"Making the simple complicated is commonplace; making the complicated simple, awesomely simple, that's creativity"
Charles Mingus – jazz musician and composer
When I first entered the IP profession, patent law seemed wonderfully, naïvely, simple. You met with your client, discussed their latest ground-breaking invention (assuring you it had never been done before… ever…anywhere) - often accompanied by a few hand scribbled notes and kindergarten grade drawings - and turned out a masterpiece intelligible only to a select few fellow members of the club. As long as you bore in mind that a competitor's patent attorney and appointed counsel, burdened with a bagful of money and many more available hours than you had when you drafted the original application, would gleefully attack your masterpiece with all the finesse of a pit-bull, and that the judge, for whom a patent dispute was as exciting as watching paint dry, would have no hesitation in tearing your disclosure apart, all would be well. What could be simpler?
Roll on more than 20 years and life as a patent attorney seems anything but simple. A recent client engagement highlighted the complex nature of our profession in the 21st century. What started out simply rapidly deteriorated into a maze of legislation, regulation and bureaucratic red tape.
Having previously filed a priority application to a promising invention, I set about preparing a PCT application. Although nothing unusual about that, a chance comment from the client about assigning the rights to the priority application to a related offshore entity set the alarm bells ringing. The South African Reserve Bank, under the auspices of the Currency and Exchanges Act 9 of 1933 and related Regulations, strictly controls the movement of money and assets into and out of the country. In terms of the relevant Regulation 10(1)(c), no person may, without its prior approval, 'enter into any transaction whereby capital or any right to capital is directly or indirectly exported from [South Africa]'. What this means in terms of IP has been the subject of much debate, judicial decision and legislative amendment. Whilst there is some doubt as to whether a recent amendment to regulation 10 to bring IP under the umbrella of 'capital' is valid (the Supreme Court of Appeal having prior to that endorsed a lower court's decision that IP rights are not capital as contemplated in the regulation), we erred on the side of caution and set about restructuring the business to take into account exchange control and related tax issues.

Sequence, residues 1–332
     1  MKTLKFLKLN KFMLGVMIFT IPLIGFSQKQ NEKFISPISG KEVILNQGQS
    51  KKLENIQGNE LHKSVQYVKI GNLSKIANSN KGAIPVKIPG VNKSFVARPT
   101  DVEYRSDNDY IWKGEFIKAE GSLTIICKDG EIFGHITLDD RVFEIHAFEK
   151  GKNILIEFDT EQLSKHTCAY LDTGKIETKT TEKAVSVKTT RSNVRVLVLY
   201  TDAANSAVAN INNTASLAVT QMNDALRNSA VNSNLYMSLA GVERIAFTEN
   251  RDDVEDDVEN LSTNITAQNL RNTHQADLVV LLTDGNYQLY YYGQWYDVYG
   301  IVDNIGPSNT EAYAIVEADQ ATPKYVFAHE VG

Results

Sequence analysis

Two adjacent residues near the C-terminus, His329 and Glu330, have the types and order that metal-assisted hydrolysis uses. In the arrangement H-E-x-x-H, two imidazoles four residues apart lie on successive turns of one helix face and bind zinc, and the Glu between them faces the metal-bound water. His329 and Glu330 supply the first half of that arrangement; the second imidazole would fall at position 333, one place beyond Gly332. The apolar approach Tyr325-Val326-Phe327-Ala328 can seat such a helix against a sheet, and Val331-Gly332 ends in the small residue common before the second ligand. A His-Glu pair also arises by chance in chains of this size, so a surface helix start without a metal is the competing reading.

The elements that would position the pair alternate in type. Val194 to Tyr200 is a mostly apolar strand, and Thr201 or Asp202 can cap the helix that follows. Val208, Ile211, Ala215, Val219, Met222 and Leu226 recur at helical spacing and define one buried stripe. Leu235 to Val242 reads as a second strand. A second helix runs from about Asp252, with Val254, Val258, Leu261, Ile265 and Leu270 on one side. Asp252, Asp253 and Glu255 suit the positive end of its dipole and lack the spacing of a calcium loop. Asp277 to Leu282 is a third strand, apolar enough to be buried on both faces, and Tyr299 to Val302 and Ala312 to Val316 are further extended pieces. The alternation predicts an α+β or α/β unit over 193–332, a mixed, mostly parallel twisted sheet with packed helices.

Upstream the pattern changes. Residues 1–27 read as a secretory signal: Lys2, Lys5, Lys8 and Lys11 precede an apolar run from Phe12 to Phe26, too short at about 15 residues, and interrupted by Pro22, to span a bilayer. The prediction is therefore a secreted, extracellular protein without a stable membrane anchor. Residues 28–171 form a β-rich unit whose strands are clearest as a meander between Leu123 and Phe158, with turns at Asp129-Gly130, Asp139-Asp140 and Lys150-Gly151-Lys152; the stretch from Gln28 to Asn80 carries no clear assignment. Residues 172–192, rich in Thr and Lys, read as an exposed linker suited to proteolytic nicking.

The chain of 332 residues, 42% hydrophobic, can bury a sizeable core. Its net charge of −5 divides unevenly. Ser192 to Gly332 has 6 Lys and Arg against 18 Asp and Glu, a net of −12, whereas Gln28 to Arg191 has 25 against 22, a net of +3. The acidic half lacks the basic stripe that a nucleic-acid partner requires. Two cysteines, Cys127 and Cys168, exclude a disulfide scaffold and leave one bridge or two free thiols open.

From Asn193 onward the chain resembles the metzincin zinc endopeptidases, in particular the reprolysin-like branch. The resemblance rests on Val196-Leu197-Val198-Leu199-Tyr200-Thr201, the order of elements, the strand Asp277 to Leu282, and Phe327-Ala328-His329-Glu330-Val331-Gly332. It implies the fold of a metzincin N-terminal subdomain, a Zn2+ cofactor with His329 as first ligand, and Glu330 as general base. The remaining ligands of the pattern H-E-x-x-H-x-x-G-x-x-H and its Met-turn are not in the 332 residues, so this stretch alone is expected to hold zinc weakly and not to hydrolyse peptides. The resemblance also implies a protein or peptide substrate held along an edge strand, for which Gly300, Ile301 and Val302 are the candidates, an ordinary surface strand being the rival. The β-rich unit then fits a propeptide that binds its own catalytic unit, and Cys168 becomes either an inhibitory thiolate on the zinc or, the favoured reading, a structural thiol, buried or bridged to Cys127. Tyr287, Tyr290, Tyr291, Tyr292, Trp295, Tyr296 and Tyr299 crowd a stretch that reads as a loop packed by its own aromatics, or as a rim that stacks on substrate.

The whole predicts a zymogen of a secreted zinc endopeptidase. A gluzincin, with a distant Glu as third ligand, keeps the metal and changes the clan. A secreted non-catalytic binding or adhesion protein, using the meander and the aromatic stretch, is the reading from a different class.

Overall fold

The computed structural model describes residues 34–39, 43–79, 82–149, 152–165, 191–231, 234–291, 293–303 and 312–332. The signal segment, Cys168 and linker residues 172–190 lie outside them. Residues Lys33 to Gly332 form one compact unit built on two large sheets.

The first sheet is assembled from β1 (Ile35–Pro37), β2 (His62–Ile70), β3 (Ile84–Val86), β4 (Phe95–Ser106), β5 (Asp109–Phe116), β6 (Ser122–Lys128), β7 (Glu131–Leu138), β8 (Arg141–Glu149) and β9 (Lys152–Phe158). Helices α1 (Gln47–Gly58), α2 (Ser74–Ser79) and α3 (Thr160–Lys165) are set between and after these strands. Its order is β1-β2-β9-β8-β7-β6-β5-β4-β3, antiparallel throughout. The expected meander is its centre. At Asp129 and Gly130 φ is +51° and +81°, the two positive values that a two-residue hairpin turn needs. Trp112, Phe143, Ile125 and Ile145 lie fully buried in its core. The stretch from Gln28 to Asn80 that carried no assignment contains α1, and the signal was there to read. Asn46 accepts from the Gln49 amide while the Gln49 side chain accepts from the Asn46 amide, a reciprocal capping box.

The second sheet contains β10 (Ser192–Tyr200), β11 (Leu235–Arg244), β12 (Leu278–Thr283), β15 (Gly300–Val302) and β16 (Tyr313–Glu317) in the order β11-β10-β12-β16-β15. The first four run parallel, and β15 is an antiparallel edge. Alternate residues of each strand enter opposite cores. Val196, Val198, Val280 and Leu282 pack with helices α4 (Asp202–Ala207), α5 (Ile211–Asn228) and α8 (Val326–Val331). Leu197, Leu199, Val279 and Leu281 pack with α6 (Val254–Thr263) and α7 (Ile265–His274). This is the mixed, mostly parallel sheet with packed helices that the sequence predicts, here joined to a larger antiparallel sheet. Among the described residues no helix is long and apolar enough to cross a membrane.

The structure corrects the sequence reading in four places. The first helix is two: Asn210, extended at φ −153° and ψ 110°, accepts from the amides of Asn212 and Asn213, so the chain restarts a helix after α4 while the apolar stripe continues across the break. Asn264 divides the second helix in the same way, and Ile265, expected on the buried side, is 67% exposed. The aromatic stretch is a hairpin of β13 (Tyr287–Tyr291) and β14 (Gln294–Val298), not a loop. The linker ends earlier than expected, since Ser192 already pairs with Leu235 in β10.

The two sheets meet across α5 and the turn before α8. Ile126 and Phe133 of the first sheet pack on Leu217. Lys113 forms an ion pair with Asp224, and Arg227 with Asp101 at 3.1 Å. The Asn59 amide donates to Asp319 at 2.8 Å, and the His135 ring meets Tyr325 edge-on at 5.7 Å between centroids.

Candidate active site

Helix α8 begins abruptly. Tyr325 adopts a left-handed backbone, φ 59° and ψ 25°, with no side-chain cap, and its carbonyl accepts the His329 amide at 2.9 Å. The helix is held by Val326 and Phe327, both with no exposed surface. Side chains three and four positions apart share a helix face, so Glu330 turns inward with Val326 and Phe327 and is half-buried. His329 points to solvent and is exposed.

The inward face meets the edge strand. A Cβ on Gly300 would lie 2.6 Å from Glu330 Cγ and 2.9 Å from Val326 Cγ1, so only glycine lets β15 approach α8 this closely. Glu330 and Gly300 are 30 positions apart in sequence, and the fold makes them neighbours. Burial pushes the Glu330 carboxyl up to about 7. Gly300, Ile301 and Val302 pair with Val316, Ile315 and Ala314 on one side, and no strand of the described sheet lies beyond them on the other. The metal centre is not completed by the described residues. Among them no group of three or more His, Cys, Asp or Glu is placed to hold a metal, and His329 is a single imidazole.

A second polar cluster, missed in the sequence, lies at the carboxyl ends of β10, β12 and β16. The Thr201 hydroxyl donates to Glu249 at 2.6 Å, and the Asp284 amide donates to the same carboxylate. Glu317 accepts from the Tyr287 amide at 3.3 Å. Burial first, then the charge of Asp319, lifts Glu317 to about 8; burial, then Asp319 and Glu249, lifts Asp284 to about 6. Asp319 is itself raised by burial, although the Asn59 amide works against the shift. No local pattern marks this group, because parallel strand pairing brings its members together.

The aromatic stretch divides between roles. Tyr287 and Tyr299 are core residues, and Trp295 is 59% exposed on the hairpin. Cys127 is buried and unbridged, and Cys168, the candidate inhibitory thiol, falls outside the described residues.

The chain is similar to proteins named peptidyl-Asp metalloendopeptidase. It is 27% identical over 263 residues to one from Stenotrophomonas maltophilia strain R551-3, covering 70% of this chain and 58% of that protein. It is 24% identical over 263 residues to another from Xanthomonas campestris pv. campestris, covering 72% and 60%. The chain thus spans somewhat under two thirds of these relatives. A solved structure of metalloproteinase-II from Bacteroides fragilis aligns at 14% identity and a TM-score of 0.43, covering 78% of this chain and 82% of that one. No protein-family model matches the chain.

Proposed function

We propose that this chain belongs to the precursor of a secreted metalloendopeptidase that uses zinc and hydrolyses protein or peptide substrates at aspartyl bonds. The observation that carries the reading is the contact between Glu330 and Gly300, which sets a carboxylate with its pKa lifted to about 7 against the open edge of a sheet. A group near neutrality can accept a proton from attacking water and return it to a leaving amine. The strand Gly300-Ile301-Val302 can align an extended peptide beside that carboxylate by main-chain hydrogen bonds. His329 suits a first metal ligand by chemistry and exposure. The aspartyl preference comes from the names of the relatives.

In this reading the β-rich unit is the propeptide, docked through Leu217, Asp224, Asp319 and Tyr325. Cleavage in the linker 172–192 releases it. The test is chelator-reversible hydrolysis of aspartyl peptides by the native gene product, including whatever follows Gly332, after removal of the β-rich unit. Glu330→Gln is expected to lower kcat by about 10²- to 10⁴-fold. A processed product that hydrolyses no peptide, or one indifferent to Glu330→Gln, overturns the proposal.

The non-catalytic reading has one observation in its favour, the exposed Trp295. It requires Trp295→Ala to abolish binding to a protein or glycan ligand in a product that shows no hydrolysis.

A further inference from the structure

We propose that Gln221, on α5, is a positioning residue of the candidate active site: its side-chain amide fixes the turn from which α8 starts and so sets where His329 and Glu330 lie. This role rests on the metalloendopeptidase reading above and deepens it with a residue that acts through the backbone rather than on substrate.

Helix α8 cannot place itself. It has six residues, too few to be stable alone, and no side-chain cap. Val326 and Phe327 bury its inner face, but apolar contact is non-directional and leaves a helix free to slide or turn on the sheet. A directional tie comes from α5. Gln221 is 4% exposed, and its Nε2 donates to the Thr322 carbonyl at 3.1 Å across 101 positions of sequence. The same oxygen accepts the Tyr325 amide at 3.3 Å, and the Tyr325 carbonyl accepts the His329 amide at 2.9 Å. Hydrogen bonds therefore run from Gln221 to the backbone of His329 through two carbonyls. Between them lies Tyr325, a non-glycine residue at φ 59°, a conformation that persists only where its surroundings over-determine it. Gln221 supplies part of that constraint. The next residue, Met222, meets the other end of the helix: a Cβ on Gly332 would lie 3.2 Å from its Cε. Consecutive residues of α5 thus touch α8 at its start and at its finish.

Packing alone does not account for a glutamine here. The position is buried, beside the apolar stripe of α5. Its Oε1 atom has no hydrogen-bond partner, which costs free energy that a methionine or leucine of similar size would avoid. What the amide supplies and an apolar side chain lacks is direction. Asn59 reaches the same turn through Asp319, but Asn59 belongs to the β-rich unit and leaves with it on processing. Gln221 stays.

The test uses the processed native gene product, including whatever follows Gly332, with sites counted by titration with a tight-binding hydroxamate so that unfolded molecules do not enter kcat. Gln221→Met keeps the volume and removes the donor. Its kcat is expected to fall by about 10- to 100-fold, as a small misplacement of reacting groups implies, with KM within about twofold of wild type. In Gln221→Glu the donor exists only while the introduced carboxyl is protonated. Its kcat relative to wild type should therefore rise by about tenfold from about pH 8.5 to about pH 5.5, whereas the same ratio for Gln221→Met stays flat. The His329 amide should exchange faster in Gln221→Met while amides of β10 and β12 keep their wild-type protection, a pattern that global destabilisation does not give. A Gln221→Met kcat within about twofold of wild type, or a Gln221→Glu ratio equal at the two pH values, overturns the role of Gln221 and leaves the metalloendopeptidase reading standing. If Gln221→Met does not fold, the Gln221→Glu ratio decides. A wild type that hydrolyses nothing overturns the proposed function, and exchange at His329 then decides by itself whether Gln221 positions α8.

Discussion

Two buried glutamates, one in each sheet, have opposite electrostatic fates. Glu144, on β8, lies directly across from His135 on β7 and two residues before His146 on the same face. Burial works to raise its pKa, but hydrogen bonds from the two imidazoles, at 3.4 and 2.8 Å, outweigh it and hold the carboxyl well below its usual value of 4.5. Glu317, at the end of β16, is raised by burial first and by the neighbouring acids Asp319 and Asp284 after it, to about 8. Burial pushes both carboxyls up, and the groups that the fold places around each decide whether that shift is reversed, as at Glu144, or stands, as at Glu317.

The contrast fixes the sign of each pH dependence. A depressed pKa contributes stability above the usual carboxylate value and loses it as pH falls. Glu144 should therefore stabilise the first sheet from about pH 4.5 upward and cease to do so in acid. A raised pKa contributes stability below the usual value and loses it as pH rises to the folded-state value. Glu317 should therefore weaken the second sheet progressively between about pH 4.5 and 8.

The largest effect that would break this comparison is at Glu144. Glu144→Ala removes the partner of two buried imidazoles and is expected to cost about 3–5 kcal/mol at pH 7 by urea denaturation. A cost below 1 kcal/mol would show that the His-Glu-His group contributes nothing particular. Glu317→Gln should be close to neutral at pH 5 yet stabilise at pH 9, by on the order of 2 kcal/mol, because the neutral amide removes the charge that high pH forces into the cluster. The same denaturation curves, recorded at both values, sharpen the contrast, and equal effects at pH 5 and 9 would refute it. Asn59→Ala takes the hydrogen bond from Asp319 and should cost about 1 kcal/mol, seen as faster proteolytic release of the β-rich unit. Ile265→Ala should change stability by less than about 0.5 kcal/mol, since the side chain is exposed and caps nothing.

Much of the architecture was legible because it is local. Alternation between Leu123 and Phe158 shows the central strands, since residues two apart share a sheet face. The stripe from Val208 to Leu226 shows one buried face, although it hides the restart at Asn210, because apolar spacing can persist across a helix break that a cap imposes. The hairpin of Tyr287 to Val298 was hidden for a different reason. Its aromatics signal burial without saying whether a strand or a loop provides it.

The client had in the meantime been gearing up for manufacture and commercialisation, including inspections by the FDA providing a clean bill of health. A GMP certification in respect of the manufacturing facilities soon followed. However, as the raw materials are derived from cultivated plants from an indigenous biological resource (the priority application had been filed in a neighbouring country where the original plant materials had been obtained), we set about formally complying with the National Environmental Management: Biodiversity Act 10 of 2004 (NEMBA).